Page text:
Generic selectors
Exact matches only
Search in title
Search in content
Post Type Selectors
Filter by Categories
Case Report
Case Report, Interventional Oncology
Case Report, Pediatric Interventional Radiology
Case Series
Case Series, Vascular Interventions
Editorial
GI/GU/Thoracic/Non-Vascular Interventions, Case Report
GI/GU/Thoracic/Non-vascular Interventions, Original Article
GI/GU/Thoracic/Non-Vascular Interventions, Original Research
GI/GU/Thoracic/Nonvascular Interventions, Case Report
Interventional Oncology, Case Report
Interventional Oncology, Original Research
Interventional Oncology, Patient Care, Practice Management and Education
Interventional Oncology, Technical Innovation
Interventions Oncology, Case Report
Interventions Oncology, Original Research
Letter to Editor
Letter to the Editor
Musculoskeletal Interventions, Case Report
Original Research
Original Research, Interventional Oncology
Original Research, Vascular Interventions
PATIENT CARE, PRACTICE MANAGEMENT AND EDUCATION
Patient Care, Practice Management and Education, Original Research
Pediatric Interventional Radiology, Case Report
Pediatric Interventional Radiology, Original Article
Pediatric Interventional Radiology, Original Research
Research Article
Review Article
TECHNICAL INNOVATION
Vascular Interventions, Case Report
Vascular Interventions, Original Research
Vascular Interventions, Technical Innovation
Generic selectors
Exact matches only
Search in title
Search in content
Post Type Selectors
Filter by Categories
Case Report
Case Report, Interventional Oncology
Case Report, Pediatric Interventional Radiology
Case Series
Case Series, Vascular Interventions
Editorial
GI/GU/Thoracic/Non-Vascular Interventions, Case Report
GI/GU/Thoracic/Non-vascular Interventions, Original Article
GI/GU/Thoracic/Non-Vascular Interventions, Original Research
GI/GU/Thoracic/Nonvascular Interventions, Case Report
Interventional Oncology, Case Report
Interventional Oncology, Original Research
Interventional Oncology, Patient Care, Practice Management and Education
Interventional Oncology, Technical Innovation
Interventions Oncology, Case Report
Interventions Oncology, Original Research
Letter to Editor
Letter to the Editor
Musculoskeletal Interventions, Case Report
Original Research
Original Research, Interventional Oncology
Original Research, Vascular Interventions
PATIENT CARE, PRACTICE MANAGEMENT AND EDUCATION
Patient Care, Practice Management and Education, Original Research
Pediatric Interventional Radiology, Case Report
Pediatric Interventional Radiology, Original Article
Pediatric Interventional Radiology, Original Research
Research Article
Review Article
TECHNICAL INNOVATION
Vascular Interventions, Case Report
Vascular Interventions, Original Research
Vascular Interventions, Technical Innovation
Generic selectors
Exact matches only
Search in title
Search in content
Post Type Selectors
Filter by Categories
Case Report
Case Report, Interventional Oncology
Case Report, Pediatric Interventional Radiology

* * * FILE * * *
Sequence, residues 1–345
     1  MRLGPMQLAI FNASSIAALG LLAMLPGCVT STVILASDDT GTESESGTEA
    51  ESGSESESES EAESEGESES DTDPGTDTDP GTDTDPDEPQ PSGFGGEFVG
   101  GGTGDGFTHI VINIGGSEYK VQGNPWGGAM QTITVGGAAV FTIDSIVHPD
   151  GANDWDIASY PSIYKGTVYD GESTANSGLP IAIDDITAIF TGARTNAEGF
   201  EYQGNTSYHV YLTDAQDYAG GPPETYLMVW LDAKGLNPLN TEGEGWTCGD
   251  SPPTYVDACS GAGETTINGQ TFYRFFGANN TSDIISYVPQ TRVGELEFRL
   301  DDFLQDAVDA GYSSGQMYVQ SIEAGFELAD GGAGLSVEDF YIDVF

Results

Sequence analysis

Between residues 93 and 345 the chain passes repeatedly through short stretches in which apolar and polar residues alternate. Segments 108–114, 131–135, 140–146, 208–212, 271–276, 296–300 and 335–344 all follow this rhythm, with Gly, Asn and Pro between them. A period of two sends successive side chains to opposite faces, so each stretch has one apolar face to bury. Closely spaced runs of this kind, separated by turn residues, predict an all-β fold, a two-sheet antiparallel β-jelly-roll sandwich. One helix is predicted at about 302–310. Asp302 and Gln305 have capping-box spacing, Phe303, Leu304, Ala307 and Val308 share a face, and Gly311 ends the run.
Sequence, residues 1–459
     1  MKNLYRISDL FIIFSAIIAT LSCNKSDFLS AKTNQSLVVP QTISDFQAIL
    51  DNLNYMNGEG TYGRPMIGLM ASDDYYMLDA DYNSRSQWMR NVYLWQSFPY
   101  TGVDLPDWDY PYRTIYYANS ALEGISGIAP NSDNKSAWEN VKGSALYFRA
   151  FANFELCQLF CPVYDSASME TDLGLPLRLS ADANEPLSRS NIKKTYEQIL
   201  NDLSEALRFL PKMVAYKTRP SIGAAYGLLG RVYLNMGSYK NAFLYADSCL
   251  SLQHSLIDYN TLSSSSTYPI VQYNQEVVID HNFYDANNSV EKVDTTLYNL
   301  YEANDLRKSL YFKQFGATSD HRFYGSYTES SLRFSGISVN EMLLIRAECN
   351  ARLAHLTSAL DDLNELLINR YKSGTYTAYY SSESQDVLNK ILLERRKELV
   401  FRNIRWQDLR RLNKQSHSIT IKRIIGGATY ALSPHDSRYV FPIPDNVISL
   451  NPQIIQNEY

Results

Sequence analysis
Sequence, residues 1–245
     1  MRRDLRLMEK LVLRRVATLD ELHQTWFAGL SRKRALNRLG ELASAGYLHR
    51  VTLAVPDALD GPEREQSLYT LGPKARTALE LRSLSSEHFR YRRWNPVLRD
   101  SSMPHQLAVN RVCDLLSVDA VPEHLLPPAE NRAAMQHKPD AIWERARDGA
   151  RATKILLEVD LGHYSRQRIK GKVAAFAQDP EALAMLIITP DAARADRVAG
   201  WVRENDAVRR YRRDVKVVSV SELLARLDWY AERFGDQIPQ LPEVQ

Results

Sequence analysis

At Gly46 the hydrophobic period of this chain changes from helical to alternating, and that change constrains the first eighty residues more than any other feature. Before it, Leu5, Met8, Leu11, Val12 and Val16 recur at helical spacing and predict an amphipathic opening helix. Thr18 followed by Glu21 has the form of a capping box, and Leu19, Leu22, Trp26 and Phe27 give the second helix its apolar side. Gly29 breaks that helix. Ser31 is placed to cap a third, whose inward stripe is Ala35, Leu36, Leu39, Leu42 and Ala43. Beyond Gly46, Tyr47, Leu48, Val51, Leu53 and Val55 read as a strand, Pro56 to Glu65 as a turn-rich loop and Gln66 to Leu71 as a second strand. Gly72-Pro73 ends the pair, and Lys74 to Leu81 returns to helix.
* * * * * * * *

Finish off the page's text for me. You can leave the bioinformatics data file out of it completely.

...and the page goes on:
Case Series
Case Series, Vascular Interventions
Editorial
GI/GU/Thoracic/Non-Vascular Interventions, Case Report
GI/GU/Thoracic/Non-vascular Interventions, Original Article
GI/GU/Thoracic/Non-Vascular Interventions, Original Research
GI/GU/Thoracic/Nonvascular Interventions, Case Report
Interventional Oncology, Case Report
Interventional Oncology, Original Research
Interventional Oncology, Patient Care, Practice Management and Education
Interventional Oncology, Technical Innovation
Interventions Oncology, Case Report
Interventions Oncology, Original Research
Letter to Editor
Letter to the Editor
Musculoskeletal Interventions, Case Report
Original Research
Original Research, Interventional Oncology
Original Research, Vascular Interventions
PATIENT CARE, PRACTICE MANAGEMENT AND EDUCATION
Patient Care, Practice Management and Education, Original Research
Pediatric Interventional Radiology, Case Report
Pediatric Interventional Radiology, Original Article
Pediatric Interventional Radiology, Original Research
Research Article
Review Article
TECHNICAL INNOVATION
Vascular Interventions, Case Report
Vascular Interventions, Original Research
Vascular Interventions, Technical Innovation
View/Download PDF

Translate this page into:

Case Report
Pediatric Interventional Radiology
2023
:7;
14
doi:
10.25259/AJIR_31_2023

Staged embolization of a double arteriovenous malformation in a pediatric patient: A case report

Department of Pediatrics, Kaiser LAMC, Los Angeles, California, United States
Department of Interventional Radiology, Kaiser LAMC, Los Angeles, California, United States
Corresponding author: Arya Shariat, Department of Pediatrics, Kaiser LAMC, Los Angeles, California, United States. arya.shariat@gmail.com
Licence
This is an open-access article distributed under the terms of the Creative Commons Attribution-Non Commercial-Share Alike 4.0 License, which allows others to remix, transform, and build upon the work non-commercially, as long as the author is credited and the new creations are licensed under the identical terms.

How to cite this article: Shariat A, Feng L. Staged embolization of a double arteriovenous malformation in a pediatric patient: A case report. Am J Interv Radiol 2023;7:14.

Abstract